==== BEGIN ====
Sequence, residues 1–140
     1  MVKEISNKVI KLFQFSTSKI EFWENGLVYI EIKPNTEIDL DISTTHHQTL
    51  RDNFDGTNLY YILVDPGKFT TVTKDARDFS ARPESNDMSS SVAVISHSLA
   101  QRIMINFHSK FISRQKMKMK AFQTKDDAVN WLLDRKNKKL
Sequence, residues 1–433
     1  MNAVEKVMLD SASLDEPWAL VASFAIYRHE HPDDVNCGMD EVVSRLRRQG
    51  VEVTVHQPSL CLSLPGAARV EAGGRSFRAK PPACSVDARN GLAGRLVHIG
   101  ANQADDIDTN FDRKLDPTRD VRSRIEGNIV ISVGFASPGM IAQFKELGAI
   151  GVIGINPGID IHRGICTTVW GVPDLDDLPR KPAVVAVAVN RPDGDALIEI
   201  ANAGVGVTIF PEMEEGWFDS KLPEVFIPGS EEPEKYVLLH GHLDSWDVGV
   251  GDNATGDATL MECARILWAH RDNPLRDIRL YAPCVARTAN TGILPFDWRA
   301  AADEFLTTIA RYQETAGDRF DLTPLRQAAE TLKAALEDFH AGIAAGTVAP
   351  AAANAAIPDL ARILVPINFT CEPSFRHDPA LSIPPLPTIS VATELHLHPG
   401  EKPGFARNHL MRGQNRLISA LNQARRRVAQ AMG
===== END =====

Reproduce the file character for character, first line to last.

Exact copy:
Sequence, residues 1–140
     1  MVKEISNKVI KLFQFSTSKI EFWENGLVYI EIKPNTEIDL DISTTHHQTL
    51  RDNFDGTNLY YILVDPGKFT TVTKDARDFS ARPESNDMSS SVAVISHSLA
   101  QRIMINFHSK FISRQKMKMK AFQTKDDAVN WLLDRKNKKL
Sequence, residues 1–433
     1  MNAVEKVMLD SASLDEPWAL VASFAIYRHE HPDDVNCGMD EVVSRLRRQG
    51  VEVTVHQPSL CLSLPGAARV EAGGRSFRAK PPACSVDARN GLAGRLVHIG
   101  ANQADDIDTN FDRKLDPTRD VRSRIEGNIV ISVGFASPGM IAQFKELGAI
   151  GVIGINPGID IHRGICTTVW GVPDLDDLPR KPAVVAVAVN RPDGDALIEI
   201  ANAGVGVTIF PEMEEGWFDS KLPEVFIPGS EEPEKYVLLH GHLDSWDVGV
   251  GDNATGDATL MECARILWAH RDNPLRDIRL YAPCVARTAN TGILPFDWRA
   301  AADEFLTTIA RYQETAGDRF DLTPLRQAAE TLKAALEDFH AGIAAGTVAP
   351  AAANAAIPDL ARILVPINFT CEPSFRHDPA LSIPPLPTIS VATELHLHPG
   401  EKPGFARNHL MRGQNRLISA LNQARRRVAQ AMG